Making Space - When BAU Won't Quit
You know that feeling when you go and do some offsite training or attend a conference and get all inspired and energised? You’re all fired up on good ideas and ready to get back to work and be a New You who does Best Practice Things with Intention and Enthusiasm.
But then you get back to your desk and put out the fires that started burning while you were gone, you try to explain some of your inspired epiphanies to a glassy-eyed co-worker who’s under pressure and by the end of the day you feel a bit like a deflated balloon. Now you’re the Same Old You who Saw The Future Possibilities for a short time.
Strategy and change is like this. The best part of my job is enabling people to make the physical and mental space to think differently. Whether it’s training, facilitating or coaching, people schedule in a dedicated block of time to put the BAU down and focus on the big picture stuff.
This is fantastic, and empowering, and necessary. I do a lot of my best thinking on a plane (which is where I’m writing this from, in fact) and there are plenty of studies to support how impactful a change in our physical environment is when we want to think clearly.
Another interesting psychological phenomenon though, is the ‘doorway effect’. If you haven’t heard of this, it’s what happens when you go into the kitchen for something and find yourself standing there blank, wondering why you came into the room. It is well-documented that the physical movement through doorways affects our short-term memory, as we open and close different ‘doors’ in our mind.
This is so common in Strategy Land. We come together and nail down some really solid ideas and priorities for action. But when we re-enter the real world, and cross the doorway into the office, the best of intentions go awry. Urgent stuff happens, things have piled up since we made space, and it seems impossible to put in the work required to make things happen.
This is why it’s really important to make the physical and mental space to execute in the same way that we make space to develop. BAU doesn’t stop for new ideas. The only way to get through is to intentionally create that space for what’s important and take other stuff off the list to make it happen.
"Strategy is about making choices, trade-offs; it's about deliberately choosing to be different" - Michael Porter
A few weeks ago I wrote about the importance of having a To Stop list. I had a beautiful conversation on Monday night with a Superwoman at the SOGLM conference dinner. Senior local government manager, mother of two, active community member, rural business person and wife. She has decided to get back into horse-riding, a passion that got put on the backburner as other commitments amped up. Our discussion was about the importance of that space – and what specifically would have to change to make that possible.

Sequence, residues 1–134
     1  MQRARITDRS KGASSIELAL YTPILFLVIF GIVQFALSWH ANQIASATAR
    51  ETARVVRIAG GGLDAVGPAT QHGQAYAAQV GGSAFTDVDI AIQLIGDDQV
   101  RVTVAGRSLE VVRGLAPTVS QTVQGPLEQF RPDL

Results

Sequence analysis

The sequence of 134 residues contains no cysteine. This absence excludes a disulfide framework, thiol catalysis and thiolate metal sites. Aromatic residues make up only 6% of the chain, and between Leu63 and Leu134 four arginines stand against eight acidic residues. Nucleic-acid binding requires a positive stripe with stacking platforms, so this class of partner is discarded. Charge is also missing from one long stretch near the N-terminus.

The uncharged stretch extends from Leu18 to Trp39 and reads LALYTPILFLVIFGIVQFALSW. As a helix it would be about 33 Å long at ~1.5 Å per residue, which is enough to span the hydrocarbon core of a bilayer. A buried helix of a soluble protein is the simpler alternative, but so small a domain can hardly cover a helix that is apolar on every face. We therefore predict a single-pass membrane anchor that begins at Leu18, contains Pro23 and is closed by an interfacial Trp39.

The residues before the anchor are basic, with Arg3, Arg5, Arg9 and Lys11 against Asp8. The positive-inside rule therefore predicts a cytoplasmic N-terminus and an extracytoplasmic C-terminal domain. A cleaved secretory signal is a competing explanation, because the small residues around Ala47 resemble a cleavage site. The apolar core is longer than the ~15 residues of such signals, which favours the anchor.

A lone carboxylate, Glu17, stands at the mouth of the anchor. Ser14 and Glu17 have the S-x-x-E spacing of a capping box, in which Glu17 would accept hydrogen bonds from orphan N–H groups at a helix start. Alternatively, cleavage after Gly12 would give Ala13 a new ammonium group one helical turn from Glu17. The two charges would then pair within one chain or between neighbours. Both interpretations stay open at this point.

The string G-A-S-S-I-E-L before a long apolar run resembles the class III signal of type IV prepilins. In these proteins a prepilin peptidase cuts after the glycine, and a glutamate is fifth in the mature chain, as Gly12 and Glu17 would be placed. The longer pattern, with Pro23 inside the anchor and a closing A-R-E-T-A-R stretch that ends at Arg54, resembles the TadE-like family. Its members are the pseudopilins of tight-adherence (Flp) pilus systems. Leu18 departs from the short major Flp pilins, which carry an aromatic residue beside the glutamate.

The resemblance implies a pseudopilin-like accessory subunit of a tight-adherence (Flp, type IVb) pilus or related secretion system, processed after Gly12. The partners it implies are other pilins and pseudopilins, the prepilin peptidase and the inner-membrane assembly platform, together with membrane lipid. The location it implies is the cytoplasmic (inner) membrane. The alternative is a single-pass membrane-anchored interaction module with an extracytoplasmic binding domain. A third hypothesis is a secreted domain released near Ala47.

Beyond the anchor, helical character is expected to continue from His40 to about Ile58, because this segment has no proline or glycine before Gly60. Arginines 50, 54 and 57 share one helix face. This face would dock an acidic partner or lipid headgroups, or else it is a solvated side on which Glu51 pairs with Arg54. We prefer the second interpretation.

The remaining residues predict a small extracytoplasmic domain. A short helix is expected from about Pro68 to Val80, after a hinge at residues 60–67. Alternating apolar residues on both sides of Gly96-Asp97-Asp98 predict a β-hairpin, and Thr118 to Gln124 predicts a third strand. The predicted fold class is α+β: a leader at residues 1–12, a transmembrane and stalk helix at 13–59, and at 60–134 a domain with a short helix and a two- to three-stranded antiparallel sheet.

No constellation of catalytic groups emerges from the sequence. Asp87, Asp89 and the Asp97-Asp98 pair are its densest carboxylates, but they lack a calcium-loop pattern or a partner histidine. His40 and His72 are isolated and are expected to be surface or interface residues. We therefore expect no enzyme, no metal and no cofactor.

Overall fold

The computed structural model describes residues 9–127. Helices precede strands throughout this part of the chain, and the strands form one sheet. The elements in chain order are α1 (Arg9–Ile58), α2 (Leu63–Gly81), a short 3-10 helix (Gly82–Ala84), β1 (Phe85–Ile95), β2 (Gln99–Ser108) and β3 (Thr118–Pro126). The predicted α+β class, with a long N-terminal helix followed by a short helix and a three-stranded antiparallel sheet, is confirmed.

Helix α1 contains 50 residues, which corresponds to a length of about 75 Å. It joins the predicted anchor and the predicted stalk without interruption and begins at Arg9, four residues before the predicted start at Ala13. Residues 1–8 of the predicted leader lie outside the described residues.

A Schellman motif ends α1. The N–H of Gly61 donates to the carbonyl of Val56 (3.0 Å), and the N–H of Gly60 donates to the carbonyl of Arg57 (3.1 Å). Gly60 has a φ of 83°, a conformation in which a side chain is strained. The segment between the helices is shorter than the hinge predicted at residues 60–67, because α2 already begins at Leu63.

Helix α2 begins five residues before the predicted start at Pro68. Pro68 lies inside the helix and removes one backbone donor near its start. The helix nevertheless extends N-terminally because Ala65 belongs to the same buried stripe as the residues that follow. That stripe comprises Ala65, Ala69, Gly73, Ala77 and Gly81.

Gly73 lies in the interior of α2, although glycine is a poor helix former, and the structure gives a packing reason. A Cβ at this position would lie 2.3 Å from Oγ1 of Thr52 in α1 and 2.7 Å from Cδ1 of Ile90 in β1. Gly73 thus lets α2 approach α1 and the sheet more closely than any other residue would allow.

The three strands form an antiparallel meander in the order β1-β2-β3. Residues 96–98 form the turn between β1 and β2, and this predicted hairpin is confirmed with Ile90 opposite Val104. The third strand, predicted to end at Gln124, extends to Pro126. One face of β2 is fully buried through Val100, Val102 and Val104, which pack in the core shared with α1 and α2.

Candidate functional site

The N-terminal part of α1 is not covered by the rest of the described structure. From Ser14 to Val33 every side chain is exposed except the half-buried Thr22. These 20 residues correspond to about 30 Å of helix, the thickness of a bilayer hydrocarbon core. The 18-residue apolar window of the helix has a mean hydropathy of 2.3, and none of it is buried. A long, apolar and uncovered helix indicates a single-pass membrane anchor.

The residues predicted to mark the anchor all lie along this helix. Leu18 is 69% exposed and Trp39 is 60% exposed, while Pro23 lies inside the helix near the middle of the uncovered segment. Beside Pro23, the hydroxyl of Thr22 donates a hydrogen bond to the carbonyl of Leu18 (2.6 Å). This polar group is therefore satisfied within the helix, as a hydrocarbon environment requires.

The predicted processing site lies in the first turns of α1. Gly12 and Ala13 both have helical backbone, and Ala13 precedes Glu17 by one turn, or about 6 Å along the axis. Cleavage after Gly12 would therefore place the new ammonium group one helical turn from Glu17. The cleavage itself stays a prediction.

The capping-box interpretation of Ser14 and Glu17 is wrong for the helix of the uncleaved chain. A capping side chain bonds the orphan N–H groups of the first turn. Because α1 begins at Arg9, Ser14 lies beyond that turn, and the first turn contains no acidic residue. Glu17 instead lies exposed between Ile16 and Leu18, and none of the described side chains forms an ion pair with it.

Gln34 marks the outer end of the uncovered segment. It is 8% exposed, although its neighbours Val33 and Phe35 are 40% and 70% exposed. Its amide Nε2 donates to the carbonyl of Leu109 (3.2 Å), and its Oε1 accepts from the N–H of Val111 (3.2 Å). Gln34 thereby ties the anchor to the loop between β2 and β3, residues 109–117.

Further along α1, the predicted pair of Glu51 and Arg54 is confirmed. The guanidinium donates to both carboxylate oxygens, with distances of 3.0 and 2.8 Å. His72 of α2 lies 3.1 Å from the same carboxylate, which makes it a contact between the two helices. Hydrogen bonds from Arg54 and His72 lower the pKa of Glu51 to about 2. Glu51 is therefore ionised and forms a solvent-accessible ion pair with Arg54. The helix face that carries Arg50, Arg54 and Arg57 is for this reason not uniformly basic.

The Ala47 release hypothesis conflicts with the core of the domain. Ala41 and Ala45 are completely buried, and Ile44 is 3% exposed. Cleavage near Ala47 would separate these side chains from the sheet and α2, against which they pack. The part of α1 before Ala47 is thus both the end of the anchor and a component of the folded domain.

The beauty of this story is in the detail. I’m not advocating that she drop her job, farm, husband or kids. My posts about focus trumping balance and my personal quarterly priorities caused a bit of a stir as people wondered whether I was neglecting everything that wasn’t on the priority list. And while it would be easier if life was that black and white, BAU ticks on whether we like it or not. Instead, simple, powerful trade-offs combine for big results.
For Superwoman, she has elected to join a local trekking group and head out early on a Sunday morning, back in time for family brunch. This is time that is currently being gobbled up and can be redirected more purposefully. Late Saturday nights and Sunday lie-ins have been traded in to make space for something that is more important right now.
For strategy and change implementation, small steps can have the same impact. Find the tasks, meetings, committees and commitments that can give way for a bigger goal. Intentionally schedule those things OUT in the same way that we scheduled that thinking time IN. Seize the power of those small wins and watch big changes start to take place!
How To... Know Better and Do Better
Accept that BAU is going to continue whether you like it or not
Make the mental space for implementing the things that matter
Schedule specific timeslots, by removing other things, to create the physical space for change.
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